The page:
Steven Pressfield’s concept of what it means to be a professional is very simple. A professional puts the work they want to be doing first every day no matter what. For me that means that I have to set a time to be in my office everyday with my hands on the computer keys working on my latest project. Writing is my work, and I must treat it like any other job even on the days when the ideas don’t come easily, or when there is a shift from one task to another. At the end of the writing day, I may throw out all that I’ve written, but at least I stuck to my commitment.

Being creative is like anything else in life, sometimes it flows easily and other times we’re faced with difficult challenges and feel like we’ll never create anything wonderful again, we’ll never be happy again, and we’ll be stuck in our misery forever. Yet, if we are willing to do the work, we always come through to a happier situation. Our muse comes back and we find the solution to the problems we’d been struggling with.

I’m in a little bit of a lull period in terms of my fiction writing right now. My novel is in the hands of writer friends and I’m waiting to get their comments back so I know whether I need to do more work or if I can have my manuscript edited and published. That’s a completely different set of tasks. My fingers itch to be working on something creative, but so far all I’ve been writing are this blog and pieces I hope to use in marketing my book. It’s good to work on those types of writing too, but I don’t find as much joy in writing them as I do creating characters and the worlds in which they live.

As I was typing that last paragraph, I remembered a story Pressfield shares in the book about finishing his first novel. When he’d finished the first draft, he went to tell his mentor that he’d finished the book. He felt a great sense of accomplishment, but his mentor said, “Good. Now go start the next one.” Remembering that little story helps me realize that I’ve fallen down on my commitment to myself. I did what Pressfield’s mentor said when I finished the rough draft of The Space Between Time. I sat down immediately and started the sequel. But then I got caught up in revisions of the first book, which were rather extensive. I haven’t gone back to the second book even though I’ve got this span of time while I’m waiting for feedback. That’s not good. I need to be working on the sequel in addition to my promotional materials.

I’m convinced that every creative person has to find their own “voice”, their own method of creating and being a professional. Maybe it’s more about finding their own rhythm. I’m still new to this writing thing and still learning how to juggle the various parts of the process. For now, I plan to go back and do more work on the sequel to my first novel. Who knows perhaps parts of the sequel novel can be things I include in the promotional materials for this first book.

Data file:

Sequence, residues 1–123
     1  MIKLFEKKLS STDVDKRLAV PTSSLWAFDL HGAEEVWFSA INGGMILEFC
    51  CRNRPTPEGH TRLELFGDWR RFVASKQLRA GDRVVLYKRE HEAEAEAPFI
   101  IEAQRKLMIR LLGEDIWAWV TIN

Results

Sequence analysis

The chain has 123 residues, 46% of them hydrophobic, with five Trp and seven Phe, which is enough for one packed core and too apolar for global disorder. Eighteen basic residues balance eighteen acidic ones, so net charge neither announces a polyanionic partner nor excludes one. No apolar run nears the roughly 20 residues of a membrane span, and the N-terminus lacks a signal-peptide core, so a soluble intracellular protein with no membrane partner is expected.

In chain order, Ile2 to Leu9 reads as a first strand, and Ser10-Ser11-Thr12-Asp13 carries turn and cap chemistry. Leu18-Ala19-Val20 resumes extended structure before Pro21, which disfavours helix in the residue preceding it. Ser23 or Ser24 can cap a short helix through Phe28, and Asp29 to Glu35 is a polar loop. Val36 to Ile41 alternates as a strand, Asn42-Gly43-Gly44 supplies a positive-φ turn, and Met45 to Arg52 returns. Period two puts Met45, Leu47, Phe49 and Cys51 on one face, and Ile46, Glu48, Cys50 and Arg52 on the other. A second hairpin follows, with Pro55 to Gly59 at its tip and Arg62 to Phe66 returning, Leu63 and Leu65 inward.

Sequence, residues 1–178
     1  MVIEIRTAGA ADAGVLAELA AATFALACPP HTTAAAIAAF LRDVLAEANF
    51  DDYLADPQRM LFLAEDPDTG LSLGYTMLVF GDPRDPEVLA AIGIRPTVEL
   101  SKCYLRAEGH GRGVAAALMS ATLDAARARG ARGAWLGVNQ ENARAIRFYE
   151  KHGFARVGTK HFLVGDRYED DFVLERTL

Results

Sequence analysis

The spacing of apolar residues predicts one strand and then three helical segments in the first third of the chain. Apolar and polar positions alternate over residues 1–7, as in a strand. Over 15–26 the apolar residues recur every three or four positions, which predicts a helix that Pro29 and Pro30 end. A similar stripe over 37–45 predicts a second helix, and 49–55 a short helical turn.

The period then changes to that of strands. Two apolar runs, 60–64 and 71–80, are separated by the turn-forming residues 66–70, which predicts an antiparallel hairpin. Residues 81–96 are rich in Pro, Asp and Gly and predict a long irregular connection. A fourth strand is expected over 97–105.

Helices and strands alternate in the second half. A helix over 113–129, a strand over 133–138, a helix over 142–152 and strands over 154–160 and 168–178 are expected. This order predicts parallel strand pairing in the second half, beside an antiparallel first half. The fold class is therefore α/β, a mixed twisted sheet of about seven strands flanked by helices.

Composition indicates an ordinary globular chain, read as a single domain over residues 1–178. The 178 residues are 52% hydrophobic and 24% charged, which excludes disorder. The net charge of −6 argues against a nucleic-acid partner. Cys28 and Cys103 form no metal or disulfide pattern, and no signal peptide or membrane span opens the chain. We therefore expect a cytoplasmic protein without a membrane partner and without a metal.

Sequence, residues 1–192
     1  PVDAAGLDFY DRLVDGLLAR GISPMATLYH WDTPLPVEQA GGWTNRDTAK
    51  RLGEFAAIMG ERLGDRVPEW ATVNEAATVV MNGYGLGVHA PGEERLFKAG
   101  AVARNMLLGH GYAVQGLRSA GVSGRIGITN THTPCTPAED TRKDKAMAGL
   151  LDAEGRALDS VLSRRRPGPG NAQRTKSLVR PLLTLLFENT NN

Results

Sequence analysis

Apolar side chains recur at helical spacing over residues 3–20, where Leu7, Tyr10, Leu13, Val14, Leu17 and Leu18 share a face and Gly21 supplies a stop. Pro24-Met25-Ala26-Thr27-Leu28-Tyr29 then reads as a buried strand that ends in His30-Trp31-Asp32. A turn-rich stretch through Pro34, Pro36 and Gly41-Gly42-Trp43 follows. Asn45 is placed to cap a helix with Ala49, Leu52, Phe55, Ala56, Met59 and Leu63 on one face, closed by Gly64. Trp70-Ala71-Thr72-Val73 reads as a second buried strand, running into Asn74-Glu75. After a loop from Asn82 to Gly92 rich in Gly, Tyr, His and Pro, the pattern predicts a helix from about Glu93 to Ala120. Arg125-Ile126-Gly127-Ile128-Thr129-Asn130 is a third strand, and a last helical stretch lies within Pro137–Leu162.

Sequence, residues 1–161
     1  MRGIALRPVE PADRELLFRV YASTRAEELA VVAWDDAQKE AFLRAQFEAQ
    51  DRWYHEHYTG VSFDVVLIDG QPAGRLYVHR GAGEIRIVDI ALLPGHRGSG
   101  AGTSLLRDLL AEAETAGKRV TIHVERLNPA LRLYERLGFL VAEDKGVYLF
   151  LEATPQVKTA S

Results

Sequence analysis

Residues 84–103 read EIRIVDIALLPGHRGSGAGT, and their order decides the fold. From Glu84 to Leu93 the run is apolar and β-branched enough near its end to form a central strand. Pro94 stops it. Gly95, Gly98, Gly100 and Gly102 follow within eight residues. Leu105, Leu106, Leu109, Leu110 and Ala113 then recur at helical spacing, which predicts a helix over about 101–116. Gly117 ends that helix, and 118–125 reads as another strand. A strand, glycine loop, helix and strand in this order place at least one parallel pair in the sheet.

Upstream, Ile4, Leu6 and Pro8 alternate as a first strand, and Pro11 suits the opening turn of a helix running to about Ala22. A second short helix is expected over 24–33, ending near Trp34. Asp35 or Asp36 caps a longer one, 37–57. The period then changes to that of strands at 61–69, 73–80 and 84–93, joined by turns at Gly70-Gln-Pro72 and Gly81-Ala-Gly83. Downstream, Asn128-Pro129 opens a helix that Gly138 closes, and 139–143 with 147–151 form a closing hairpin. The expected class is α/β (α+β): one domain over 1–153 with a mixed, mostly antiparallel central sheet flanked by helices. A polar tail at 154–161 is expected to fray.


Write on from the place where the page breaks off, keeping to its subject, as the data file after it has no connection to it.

Thanks for reading. I hope you don’t mind that I used Shakespeare’s picture again this week. He’s my idea of the ultimate professional. If you’ve got ideas about how I can improve my creative process, feel free to leave a comment.

Lucinda Sage-Midgorden © 2015

Why I Left Organized Religion

Grace Cathedral Window

Grace Cathedral Window

“Religion is regarded by the common people as true, by the wise as false, and by the rulers as useful.” – Lucius Annaeus Seneca

“There is no need for temples, no need for complicated philosophies. My brain and my heart are my temples; my philosophy is kindness.” – Dalai Lama

“True religion is real living; living with all one’s goodness and righteousness.” – Albert Einstein

Rarely do I talk or write about my break, twenty-five years ago, with organized religion but recently two things happened that made me feel the need to tell my story.

Recently, former President Jimmy Carter announced he is leaving the Baptist Church behind because it has lost its message of love and the Pew Research Center released a report about the decline of all organized religions in the U.S. You can follow the links to read the articles for yourself. When I read those stories, I wasn’t surprised.

My quest for a deeper connection to God began the day I was confirmed into the church. Several generations of my family had been members and that is the reason I joined. I was eight years old. My father, a lay minister in the church, had baptized me the week before and on that Sunday, my father and Al Gardner, another minister in our congregation, placed their hands on my head to bless and confirm me as a member of the church. The moment they touched me, I felt a loving presence surround and permeate my body and I knew it was God. I felt such peace. There was no question in my mind that God and I were friends and would have or perhaps already had had a long relationship with each other.